Ahí viene el hombre, ahí viene
embarrado, enrabiado contra la desventura, furioso
contra la explotación, muerto de hambre, allí viene
debajo de su poncho de Castilla.
Ah, minero inmortal, ésta es tu casa
de roble, que tú mismo construiste.
From Carbón, by Gonzalo Rojas.
By Claudia Taboada Churchman | Curator
Serlian Barreto was born in Cuba in 1997, on the outskirts of Havana, in a humble town in Artemisa whose main economic sources are agriculture, the construction materials industry, and charcoal production. It also has Amparucha, one of the best schools that prepares for the Academy of Fine Arts and where numerous artists have combined talent with a kind of human sensitivity that is almost impossible to go unnoticed. Barreto attended this school thanks to the insistence of his grandmother who trusted in the idea that he would not only grow as an artist but, even more, as a person, enhancing his human values through coexistence and intellectual exchange with others. And as the artist himself said, he went from being the worst in his class to one of the best, so much so that he graduated eventually with honors from the San Alejandro Art Academy. Serlian's work has been exhibited in several galleries in Cuba, in the Havana Biennial and in institutions in Naples, Italy. Most of Barreto's works are in private and public collections, including The Cisneros Fontanals Art Foundation (CIFO), Miami, FL, USA; Jorge M. Pérez Collection, Miami, FL, USA; and, El Oficio: Magazine Collection of Art and Literature, Havana, Cuba.
His family environment also led him to grow up surrounded by nature and therefore with great respect for it. His mother and grandfather were veterinarians by profession and since he was a child he raised all kinds of animals, which turned out to be his "toys". Serlian took care of him guinea pigs, horses, snakes, birds, among many others as well as cactuses that have later been symbolic elements of representation in his work. His grandfather was also dedicated to the production of citrus, but following the arrival in Cuba of one of the most damaging pests for these crops, the government, instead of proposing solutions for their recovery, found that the most suitable option was to replace this source with natural resources. for the production of coal which meant exchanging an ecological approach with one that was not self-sustaining.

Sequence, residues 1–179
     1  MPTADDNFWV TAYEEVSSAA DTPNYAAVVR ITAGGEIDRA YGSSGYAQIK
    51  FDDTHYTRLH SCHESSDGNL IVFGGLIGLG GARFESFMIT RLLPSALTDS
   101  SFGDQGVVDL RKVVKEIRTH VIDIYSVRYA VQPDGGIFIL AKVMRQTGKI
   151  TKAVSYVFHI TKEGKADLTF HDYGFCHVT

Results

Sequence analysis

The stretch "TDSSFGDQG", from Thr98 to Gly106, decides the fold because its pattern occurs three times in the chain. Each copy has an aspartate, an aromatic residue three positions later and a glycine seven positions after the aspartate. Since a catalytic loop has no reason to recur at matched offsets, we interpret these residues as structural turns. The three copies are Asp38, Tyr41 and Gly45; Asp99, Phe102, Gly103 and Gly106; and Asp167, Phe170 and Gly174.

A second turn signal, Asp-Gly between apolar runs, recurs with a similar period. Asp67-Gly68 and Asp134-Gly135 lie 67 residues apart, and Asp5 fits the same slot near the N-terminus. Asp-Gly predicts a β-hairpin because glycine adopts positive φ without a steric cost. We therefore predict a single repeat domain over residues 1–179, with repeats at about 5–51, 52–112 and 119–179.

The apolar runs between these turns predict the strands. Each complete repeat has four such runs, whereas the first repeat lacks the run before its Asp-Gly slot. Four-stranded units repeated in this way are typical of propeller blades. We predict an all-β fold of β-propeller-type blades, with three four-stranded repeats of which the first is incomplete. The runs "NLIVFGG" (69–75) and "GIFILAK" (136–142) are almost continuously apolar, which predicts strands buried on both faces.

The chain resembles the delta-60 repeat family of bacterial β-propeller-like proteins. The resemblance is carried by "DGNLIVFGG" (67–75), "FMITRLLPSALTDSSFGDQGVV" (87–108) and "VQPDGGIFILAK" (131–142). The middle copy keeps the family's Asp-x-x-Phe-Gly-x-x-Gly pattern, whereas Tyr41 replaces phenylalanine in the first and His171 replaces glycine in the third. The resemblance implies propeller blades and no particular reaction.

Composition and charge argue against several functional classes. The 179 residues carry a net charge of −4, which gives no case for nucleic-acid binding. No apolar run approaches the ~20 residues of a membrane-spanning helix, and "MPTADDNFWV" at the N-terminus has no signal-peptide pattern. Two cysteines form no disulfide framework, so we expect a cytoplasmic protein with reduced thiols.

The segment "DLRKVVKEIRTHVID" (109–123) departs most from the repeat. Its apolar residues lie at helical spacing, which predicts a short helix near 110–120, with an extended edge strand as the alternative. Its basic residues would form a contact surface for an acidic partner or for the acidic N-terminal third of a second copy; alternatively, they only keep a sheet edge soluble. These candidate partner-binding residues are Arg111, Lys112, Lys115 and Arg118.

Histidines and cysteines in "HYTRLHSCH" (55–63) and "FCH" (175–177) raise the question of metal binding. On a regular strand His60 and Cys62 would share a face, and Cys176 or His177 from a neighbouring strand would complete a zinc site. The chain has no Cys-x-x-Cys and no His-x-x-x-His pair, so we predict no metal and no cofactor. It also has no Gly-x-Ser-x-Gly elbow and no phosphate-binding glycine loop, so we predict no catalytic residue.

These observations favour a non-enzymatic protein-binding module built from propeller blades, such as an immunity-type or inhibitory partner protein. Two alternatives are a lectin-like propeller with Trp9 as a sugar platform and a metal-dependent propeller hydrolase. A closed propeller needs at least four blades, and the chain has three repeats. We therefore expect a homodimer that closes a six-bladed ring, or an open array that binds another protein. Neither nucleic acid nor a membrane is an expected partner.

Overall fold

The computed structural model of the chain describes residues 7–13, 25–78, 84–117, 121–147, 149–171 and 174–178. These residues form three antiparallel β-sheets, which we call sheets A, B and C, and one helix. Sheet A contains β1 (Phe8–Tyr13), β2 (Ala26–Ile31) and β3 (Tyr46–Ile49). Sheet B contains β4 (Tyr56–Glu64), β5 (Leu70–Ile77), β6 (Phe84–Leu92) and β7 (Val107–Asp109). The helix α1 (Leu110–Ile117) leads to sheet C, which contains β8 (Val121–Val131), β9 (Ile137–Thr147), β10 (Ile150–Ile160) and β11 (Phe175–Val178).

Barreto grew up with his grandfather and was thoroughly familiar with the specific procedures for converting organic materials into carbon. Normally, in an industrialized world, nobody stops for a second to think about the people and resources that make it all possible. Perhaps Serlian didn't think about it either until he migrated to the United States, where processes are optimized so much that any past success goes unnoticed in this consumer society, in which depersonalization is assumed to be a natural phenomenon.
Serlian BarretoSobre la hojarasca (On the Fallen Leaves), from Carbon series, 2020 Acrylic on canvas
115 x 90 in
292.1 x 228.6 cm
This exhibition is a tribute to my grandfather...
Serlian Barreto’s paintings are a tribute to his grandfather, but also to nature, to the people, and to each entity that remains invisible behind the whirlpool of a globalized world. The artist has thought of the Carbon(Coal) series as a literary chronicle, where each work resembles a notebook that contains an exquisite description of the process: from the collection of dry leaves, logs and snails, to the conception in the oven. However, the series title is mentioned at all times but curiously it is not represented. In this sense, Serlian's aesthetic has always been based on an idea, fundamentally influenced by artists such as David Hockney, Hernan Bas, and Enrique Martínez Celaya. The contemporary use of perspective, brushwork and the way of understanding painting without limits has led him to build his own aesthetic, where there always seems to be room for more definition; this effect of not being fully completed makes the viewer a participant, responsible for filling these sensory gaps.